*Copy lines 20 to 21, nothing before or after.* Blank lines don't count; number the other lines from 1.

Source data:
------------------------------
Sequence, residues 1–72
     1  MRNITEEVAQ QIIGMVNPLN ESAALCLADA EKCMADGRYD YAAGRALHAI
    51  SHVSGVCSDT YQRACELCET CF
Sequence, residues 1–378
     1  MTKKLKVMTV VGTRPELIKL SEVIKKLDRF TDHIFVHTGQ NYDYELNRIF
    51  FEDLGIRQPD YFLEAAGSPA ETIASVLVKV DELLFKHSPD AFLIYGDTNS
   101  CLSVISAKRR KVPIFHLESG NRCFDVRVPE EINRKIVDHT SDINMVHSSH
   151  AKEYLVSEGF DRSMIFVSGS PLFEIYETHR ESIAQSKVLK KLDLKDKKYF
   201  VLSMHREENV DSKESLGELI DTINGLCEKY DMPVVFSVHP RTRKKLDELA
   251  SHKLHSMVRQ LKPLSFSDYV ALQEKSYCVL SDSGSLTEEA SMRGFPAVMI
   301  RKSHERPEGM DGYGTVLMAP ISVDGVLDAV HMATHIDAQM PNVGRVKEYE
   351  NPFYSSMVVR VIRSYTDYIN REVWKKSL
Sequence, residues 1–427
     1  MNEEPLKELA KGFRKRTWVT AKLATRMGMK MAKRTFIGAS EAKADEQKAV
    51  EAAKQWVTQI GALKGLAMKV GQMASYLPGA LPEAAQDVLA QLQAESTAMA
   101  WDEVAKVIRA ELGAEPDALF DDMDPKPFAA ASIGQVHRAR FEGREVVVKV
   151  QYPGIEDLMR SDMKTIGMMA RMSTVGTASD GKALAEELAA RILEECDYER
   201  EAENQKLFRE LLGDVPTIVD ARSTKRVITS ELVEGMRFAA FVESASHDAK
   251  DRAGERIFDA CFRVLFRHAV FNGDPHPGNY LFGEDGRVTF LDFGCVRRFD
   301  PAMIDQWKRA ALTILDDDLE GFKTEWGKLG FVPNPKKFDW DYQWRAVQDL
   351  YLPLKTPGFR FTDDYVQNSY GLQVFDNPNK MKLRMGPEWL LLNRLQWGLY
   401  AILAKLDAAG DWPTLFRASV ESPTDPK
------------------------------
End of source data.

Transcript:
   301  PAMIDQWKRA ALTILDDDLE GFKTEWGKLG FVPNPKKFDW DYQWRAVQDL
   351  YLPLKTPGFR FTDDYVQNSY GLQVFDNPNK MKLRMGPEWL LLNRLQWGLY